10 Minutes With Ohad Naharin

October 31, 2014

In Ohad Naharin’s provocative Sadeh21, 18 elastic-bodied members of the Batsheva Dance Company explore movement in 21 studies, set to a moody soundtrack. Its striking imagery—narrative gestures such as beating the chest and blowing a kiss—has been interpreted alternately as political and personal, with the work coming to a surprising and dramatic conclusion. U.S. audiences can catch Sadeh21 when the company tours to Los Angeles, Santa Barbara, San Francisco, Brooklyn, Washington, D.C., and Chapel Hill, North Carolina, this month.

What guided the creation of

There are things in common with all of my creations. It has something to do with discovering the work, letting it evolve and enjoying the big gap between what I imagined and what really happens. It’s important to create a safety net for the dancers so they are free physically and emotionally. We set some rules so that we could break away from old habits and find new ones.

What are those habits and how did you conquer them?

A habit can be a movement or a thinking pattern. It is easy to let go of old habits and old ideas when you find new and better solutions. We try to create a working atmosphere in which we are not negating “what is” or “what was.” The studio can become a laboratory for discovery.

How does your process evolve as the work is being performed?

It is ongoing—a constant discovery of possibilities, weaknesses and solutions. Sections can be easily erased or changed. It could happen on tour. Sometimes it happens when we remount. But the biggest evolution is in the dancers’ interpretation of the work.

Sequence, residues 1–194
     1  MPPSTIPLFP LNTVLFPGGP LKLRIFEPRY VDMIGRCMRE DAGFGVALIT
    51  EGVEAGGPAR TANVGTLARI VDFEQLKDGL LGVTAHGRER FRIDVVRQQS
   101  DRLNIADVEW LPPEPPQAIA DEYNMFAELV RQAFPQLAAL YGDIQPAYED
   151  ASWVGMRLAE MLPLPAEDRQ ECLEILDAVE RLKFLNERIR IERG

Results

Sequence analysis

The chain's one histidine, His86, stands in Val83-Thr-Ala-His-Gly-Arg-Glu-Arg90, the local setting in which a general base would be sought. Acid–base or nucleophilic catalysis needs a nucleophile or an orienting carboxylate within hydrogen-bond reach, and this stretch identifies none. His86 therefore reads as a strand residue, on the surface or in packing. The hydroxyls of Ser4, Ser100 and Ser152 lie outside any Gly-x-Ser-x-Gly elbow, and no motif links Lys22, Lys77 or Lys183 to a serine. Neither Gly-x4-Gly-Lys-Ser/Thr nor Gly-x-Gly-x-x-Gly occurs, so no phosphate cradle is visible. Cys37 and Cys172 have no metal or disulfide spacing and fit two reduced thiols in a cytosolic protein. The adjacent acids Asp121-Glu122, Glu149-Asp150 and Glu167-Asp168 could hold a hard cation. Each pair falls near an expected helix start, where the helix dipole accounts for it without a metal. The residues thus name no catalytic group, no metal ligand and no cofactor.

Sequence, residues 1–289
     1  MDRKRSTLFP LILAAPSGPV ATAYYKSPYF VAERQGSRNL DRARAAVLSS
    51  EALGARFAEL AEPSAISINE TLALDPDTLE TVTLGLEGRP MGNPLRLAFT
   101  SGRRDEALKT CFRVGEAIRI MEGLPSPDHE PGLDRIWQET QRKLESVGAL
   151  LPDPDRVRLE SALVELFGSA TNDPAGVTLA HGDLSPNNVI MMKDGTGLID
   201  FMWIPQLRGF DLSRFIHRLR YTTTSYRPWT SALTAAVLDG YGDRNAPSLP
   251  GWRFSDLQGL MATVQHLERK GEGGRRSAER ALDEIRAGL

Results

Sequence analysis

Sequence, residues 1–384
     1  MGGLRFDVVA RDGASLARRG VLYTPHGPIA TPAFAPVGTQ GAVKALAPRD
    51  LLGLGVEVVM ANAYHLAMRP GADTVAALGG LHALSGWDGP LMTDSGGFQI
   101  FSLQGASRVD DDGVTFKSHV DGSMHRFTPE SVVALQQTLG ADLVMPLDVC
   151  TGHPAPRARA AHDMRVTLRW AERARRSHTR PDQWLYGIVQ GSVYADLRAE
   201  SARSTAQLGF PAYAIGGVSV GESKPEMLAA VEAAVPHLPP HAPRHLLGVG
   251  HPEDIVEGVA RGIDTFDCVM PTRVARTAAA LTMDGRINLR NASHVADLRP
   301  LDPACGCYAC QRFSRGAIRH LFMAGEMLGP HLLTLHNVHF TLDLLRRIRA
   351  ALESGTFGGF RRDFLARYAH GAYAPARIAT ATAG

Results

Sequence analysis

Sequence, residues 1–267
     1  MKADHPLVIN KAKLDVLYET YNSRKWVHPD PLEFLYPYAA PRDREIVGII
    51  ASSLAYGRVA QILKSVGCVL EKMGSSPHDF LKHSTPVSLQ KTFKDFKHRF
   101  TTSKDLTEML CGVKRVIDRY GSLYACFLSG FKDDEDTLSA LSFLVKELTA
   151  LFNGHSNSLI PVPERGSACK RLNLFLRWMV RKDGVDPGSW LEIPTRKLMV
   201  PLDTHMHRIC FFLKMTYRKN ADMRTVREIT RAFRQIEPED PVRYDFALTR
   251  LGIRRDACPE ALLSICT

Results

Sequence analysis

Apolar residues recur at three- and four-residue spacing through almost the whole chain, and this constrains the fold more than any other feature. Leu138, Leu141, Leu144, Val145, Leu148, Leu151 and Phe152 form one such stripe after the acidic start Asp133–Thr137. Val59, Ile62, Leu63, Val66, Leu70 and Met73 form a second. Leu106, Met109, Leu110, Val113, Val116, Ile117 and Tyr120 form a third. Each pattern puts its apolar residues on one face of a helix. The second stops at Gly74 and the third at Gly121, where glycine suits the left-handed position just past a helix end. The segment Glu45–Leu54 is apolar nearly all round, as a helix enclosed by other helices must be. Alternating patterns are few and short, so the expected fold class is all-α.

What do you look for in dancers?

I think my dancers share curiosity. I find them intelligent, creative and very groovy. They’re able to sublimate their feelings into form, be explosive and delicate at the same time. There is something compelling about their ability to yield and let go.

What advice do you have for dancers who dream of working with you?

You have to listen to the body before you tell it what to do, and recognize weaknesses and habits. A lot of dancers allow the way they move to be managed by their ambitions. You have to be aware of joy and pleasure, and be turned on by new things you have learned.

How are you and your dancers holding up as conflicts in Gaza escalate?

My concern is for the company’s foreign dancers, who are confused, and for the thousands of innocent victims, most of them on the Palestinian side. There is no leadership on either side to find dialogue or compassion. I see so many tragedies—I fear that more than I fear for my shows or tickets. It is very minor what we have to go through versus what victims are going through.